Kathryn Ledson

Welcome to my blog Kathryn.


Let talk childhood. What aspirations did you have as a child?

To survive! No, really. I was the most terrified kid ever. My bedroom was at the end of a hallway, and that hallway seemed like a thousand miles from my parents and safety. I was convinced monsters lay in wait for me under the bed, in the cupboard. I’d dash from the doorway onto my bed so they couldn’t reach out and grab me. The idea of going to the toilet in the night filled my mind with the most unthinkable horrors. Apart from that, I wanted to be Anne from the Famous Five books. (More recently, Lara Croft.)


Who were your heroes?

Prince Charming, The Silver Brumby and Gilligan. More recent heroes? My husband Paul. And my Dad. Until the day he died, just a few months ago.


Let’s talk writing. How long has the road to becoming a successful writer been for you?

I’m not sure “successful” is the right word. I mean, the reason we can afford to eat is because my hubs works like a dog. But the road to getting from there to here has been relatively short, in fact (compared to other writers’ stories I’ve heard). There were some pot holes, however I think I’ve been very lucky. I reckon life throws at you only what you can handle, and if I’d had too many rejections, where others persist I would have given up long ago and gone to work at the local IGA. But I digress. I started writing Rough Diamond at the end of 2008 – having just completed a Diploma in Professional Writing and Editing that included know how-to-write-a-novel classes – submitted it to Penguin in January 2011 and it was published two years later. I think they thought it was rubbish at first, but that the “voice” of Erica was fresh. My gorgeous editor took a chance she could coach me into producing something worth reading.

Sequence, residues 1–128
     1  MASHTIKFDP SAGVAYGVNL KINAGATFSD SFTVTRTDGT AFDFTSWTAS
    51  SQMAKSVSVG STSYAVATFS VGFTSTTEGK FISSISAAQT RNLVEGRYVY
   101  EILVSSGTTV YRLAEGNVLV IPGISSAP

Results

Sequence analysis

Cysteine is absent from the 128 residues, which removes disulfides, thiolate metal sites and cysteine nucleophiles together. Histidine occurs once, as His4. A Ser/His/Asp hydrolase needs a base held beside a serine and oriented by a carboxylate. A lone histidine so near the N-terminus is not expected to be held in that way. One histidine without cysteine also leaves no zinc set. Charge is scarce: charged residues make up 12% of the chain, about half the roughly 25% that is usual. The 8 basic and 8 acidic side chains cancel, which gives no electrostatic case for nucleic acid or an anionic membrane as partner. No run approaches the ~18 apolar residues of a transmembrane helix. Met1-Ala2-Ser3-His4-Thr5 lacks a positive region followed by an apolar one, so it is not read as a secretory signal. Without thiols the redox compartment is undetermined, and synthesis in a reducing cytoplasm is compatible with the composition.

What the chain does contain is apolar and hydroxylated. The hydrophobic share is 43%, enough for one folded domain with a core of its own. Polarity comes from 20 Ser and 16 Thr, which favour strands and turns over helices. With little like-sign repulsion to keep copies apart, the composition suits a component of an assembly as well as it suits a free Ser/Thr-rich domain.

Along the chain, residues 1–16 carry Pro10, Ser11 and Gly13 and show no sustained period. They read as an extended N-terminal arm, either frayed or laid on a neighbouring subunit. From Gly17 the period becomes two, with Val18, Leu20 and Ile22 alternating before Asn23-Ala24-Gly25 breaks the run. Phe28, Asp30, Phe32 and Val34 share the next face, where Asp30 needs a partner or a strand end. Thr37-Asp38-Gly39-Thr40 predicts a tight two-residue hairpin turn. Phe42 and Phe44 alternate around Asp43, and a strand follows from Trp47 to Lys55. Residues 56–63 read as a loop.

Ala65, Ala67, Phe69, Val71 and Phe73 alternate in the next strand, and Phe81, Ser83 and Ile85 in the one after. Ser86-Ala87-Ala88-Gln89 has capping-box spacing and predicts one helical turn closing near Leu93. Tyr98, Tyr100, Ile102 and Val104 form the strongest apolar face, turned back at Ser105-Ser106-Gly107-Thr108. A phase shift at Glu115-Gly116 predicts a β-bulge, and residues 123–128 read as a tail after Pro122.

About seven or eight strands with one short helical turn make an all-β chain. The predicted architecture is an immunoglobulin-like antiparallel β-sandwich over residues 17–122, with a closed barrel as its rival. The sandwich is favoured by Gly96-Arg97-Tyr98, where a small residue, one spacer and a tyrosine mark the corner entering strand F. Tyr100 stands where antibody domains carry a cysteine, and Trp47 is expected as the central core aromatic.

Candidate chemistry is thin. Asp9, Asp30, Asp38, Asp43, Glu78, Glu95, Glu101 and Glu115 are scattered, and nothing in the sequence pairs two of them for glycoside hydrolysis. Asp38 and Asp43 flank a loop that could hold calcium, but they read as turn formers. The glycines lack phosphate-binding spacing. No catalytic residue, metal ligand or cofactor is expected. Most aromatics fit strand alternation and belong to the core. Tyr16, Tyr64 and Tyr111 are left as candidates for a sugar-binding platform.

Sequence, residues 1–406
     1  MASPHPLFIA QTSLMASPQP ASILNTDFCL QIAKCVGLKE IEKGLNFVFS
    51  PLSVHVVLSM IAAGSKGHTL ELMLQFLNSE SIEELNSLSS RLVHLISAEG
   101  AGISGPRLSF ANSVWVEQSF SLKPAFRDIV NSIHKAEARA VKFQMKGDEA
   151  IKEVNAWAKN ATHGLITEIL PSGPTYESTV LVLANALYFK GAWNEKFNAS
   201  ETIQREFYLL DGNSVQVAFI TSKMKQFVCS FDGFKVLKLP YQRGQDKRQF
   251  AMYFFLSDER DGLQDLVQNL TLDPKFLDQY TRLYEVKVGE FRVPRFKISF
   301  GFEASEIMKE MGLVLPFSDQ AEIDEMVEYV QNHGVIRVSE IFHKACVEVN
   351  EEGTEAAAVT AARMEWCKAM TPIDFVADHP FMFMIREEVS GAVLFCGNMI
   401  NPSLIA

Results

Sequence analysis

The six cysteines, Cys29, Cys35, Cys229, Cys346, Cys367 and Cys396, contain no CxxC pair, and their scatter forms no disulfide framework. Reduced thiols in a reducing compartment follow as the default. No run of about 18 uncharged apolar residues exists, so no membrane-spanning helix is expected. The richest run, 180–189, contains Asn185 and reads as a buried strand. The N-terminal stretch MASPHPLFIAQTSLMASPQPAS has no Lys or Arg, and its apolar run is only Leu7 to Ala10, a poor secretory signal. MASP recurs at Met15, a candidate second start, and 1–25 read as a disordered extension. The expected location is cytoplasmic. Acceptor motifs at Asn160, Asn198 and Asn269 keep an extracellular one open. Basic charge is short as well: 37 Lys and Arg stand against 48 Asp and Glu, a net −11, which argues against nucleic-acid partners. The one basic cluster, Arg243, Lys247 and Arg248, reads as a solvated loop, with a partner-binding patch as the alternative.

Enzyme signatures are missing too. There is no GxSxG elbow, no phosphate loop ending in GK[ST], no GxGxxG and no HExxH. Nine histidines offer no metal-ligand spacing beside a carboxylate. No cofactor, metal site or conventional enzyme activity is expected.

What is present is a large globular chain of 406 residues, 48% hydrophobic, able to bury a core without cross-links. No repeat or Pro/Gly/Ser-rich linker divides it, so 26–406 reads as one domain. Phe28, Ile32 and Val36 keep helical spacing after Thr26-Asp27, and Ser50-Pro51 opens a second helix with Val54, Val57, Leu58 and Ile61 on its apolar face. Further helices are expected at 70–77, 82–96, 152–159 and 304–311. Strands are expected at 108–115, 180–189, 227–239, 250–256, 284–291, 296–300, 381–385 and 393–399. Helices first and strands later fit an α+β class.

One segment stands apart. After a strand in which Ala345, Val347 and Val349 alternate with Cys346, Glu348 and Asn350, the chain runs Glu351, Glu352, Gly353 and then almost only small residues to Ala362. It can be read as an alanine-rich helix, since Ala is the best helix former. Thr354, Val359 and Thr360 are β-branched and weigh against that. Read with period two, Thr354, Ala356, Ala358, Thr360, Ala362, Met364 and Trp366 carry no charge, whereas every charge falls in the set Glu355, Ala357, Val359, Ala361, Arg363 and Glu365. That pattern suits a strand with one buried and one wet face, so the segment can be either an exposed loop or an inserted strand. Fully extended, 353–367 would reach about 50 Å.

Do you have an agent? How did you get the attention of a publisher?

Yes, I do. Having an agent is very helpful in getting your manuscript before an editor. Mind you, getting an agent is sometimes more difficult than getting a publisher. That said, I managed to get a meeting with Penguin without help, having written a thoroughly proof-read (by writer friends) proposal, and between setting up the meeting and attending it, I signed with an agent. I think it was having that planned Penguin meeting that won me an agent, and it was in turn having an agent that got Rough Diamond over the line with Penguin. It’s all very tricky business, and helpful to know how things work. Networking is the most useful thing a budding author can do if they want to be traditionally published.


What do you love about writing- it is so obvious to me you love what you are doing.

I ADORE what I do and I laugh my head off all the time. Erica constantly surprises me. She comes up with these fabulous lines and just feeds them to me from God-knows-where. When writers talk about having a muse, I think Erica must be mine. I do hate to be interrupted when I’m writing and I’m furious with anyone or thing that stops me. For example, my need to eat, and hang out the washing. The toilet that must be cleaned because some rude person wants to visit. And this – at 4.30 every day, my dog Ella sits by the fridge and barks at me. I tell her, “Hold on, I’m writing a crucial scene. Erica’s got a gun to her head!” Ella will give me exactly 10 seconds to wind it up before she starts her very loud I-want-my-dinner nonsense. It’s very irritating (but she’s so cute).